The Hailey City Council on Monday took another look at the city’s group-size restrictions—in effect since Oct. 14 as part of its revised health order—but elected not to loosen the restrictions, citing a lack of public participation from the business community.

Mayor Martha Burke originally scheduled Monday’s hearing after several business owners reached out to the city with concerns that the order’s capacity restrictions were sprung upon them without opportunity for public input.

“We heard from restaurant owners who felt that they did not see the previous order coming, that they didn't have sufficient opportunity to give public comment,” City Administrator Heather Dawson said.

Hailey’s Oct. 14 health order can be summarized in two parts. First, it limits indoor group sizes to one person per 64 square feet and outdoor group sizes to 50 people, with exemptions for schools, grocery stores, health-care facilities, government agencies and nonprofits. (The indoor size restrictions mean a 640-square-foot store could allow a maximum of 10 people, whereas a larger store could allow more.)

Second, the order requires all residents 5 and up to wear face coverings in public, including face shields for those medically intolerant of masks, and mandates that businesses enforce that requirement.

City Attorney Chris Simms said the existing 64-square-foot-per-person guideline, which the council adopted from the Harvard World Health Institute, is based on the assumption that each person takes up 2 square feet and needs a buffer of 6 feet from others.

Hailey residents Nicole Lichtenberg and Martha Bibb said they supported the guideline during a public-comment session.

“I feel better going into businesses knowing that there are clear safety procedures,” Lichtenberg said.

Burke asked to hear comments from business owners who disagreed with the capacity restrictions, but no one spoke up.

“This is why we’re doing this meeting. We’re looking to hear your concerns—we’re the people who might be able to help you solve your problem,” she said.

Mike McKenna, executive director of The Chamber of Hailey & the Wood River Valley, said he and Dawson had attended a recent meeting organized by frustrated business owners.

“They felt like they should just be treated as adults, not be told how to run their business and worry about being forced to close down,” he said. “Also, many business [owners] didn’t feel comfortable having to play a police role of kicking someone out because they aren’t following the [mask] ordinance.”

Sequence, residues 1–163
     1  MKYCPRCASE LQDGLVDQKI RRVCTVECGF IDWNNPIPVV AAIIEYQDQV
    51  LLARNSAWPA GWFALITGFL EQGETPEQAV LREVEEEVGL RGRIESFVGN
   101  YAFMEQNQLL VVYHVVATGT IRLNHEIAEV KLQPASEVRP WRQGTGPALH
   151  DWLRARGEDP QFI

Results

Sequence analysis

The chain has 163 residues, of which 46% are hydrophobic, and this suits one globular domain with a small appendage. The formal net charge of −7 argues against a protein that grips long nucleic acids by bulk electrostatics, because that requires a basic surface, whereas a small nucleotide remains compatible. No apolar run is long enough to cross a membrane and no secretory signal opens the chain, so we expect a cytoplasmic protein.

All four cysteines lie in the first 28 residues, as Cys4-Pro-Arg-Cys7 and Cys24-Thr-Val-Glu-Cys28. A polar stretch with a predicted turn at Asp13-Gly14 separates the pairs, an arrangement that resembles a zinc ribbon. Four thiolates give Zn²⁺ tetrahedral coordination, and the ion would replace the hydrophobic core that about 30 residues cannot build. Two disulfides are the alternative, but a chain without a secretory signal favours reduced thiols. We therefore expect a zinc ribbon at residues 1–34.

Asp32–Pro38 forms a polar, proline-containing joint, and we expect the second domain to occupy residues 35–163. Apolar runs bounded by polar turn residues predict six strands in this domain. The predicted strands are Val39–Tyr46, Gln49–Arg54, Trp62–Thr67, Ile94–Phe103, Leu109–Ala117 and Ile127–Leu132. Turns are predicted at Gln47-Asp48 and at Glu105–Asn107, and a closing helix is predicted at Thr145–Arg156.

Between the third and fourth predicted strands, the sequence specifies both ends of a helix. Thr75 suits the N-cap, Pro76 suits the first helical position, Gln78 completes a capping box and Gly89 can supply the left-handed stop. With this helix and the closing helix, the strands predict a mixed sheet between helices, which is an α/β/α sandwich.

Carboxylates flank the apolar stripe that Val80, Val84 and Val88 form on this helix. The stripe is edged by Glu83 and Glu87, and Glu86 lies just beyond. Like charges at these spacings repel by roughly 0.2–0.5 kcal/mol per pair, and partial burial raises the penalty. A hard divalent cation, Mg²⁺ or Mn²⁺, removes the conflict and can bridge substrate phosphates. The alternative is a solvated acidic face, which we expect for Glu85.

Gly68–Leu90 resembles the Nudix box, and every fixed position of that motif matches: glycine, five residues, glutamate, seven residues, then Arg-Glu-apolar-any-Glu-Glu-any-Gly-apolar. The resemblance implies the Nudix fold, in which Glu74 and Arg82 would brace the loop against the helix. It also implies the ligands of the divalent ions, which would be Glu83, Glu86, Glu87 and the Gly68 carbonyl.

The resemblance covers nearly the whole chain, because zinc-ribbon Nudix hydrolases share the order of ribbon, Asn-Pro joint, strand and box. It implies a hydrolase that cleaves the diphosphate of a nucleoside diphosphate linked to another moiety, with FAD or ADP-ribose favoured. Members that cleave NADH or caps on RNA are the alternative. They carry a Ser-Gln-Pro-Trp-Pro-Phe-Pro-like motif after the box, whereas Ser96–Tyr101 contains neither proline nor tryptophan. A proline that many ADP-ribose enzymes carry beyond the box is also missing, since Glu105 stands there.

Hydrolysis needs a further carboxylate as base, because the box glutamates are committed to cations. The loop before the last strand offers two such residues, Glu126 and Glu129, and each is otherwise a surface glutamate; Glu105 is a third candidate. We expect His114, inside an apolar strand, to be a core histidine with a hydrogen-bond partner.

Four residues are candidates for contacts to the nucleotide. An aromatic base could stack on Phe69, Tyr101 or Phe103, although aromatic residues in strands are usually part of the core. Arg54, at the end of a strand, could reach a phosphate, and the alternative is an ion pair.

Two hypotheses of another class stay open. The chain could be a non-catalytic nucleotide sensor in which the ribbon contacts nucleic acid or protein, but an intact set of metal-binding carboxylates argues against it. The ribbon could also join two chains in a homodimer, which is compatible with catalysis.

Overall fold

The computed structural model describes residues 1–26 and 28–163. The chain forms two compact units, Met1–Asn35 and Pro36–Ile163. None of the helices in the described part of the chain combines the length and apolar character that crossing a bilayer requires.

Councilman Sam Linnet said the mask mandate was not to “make everyone’s life harder,” but rather to keep citizens healthy and the economy going.

“Health care professionals are pleading with us right now to take more drastic measures because our hospitals are at capacity. They’re having to put [elective] procedures on hold, delay chemo treatment—to me that’s unacceptable,” he said. “I would just ask for our business owners to politely ask people to wear masks and explain it’s a city mandate. I'm happy to take the heat.”

Dawson said the two dozen business owners that assembled on Friday were primarily concerned with the group-size restrictions. Burke, Linnet and council President Kaz Thea questioned why they were comfortable gathering in private but not communicating with the council on Monday.

“The business community specifically requested discussing [group-size restrictions] and possible solutions tonight. I’ll just say I'm a little frustrated that there hasn't been more outreach, and would implore them to participate more,” Linnet said.

“I wish someone from the business community would step up and speak,” McKenna said.

City Councilman Juan Martinez asked the council to cut business owners some slack.

“What we have right now are players who've decided to walk away. It’s not their fault for not participating,” he said. “We’re talking about mathematical equations—not a whole lot of people understand the 64 square feet [calculation].”

The Hailey City Council will reevaluate its health order once again on Nov. 9 at 5:30 p.m.

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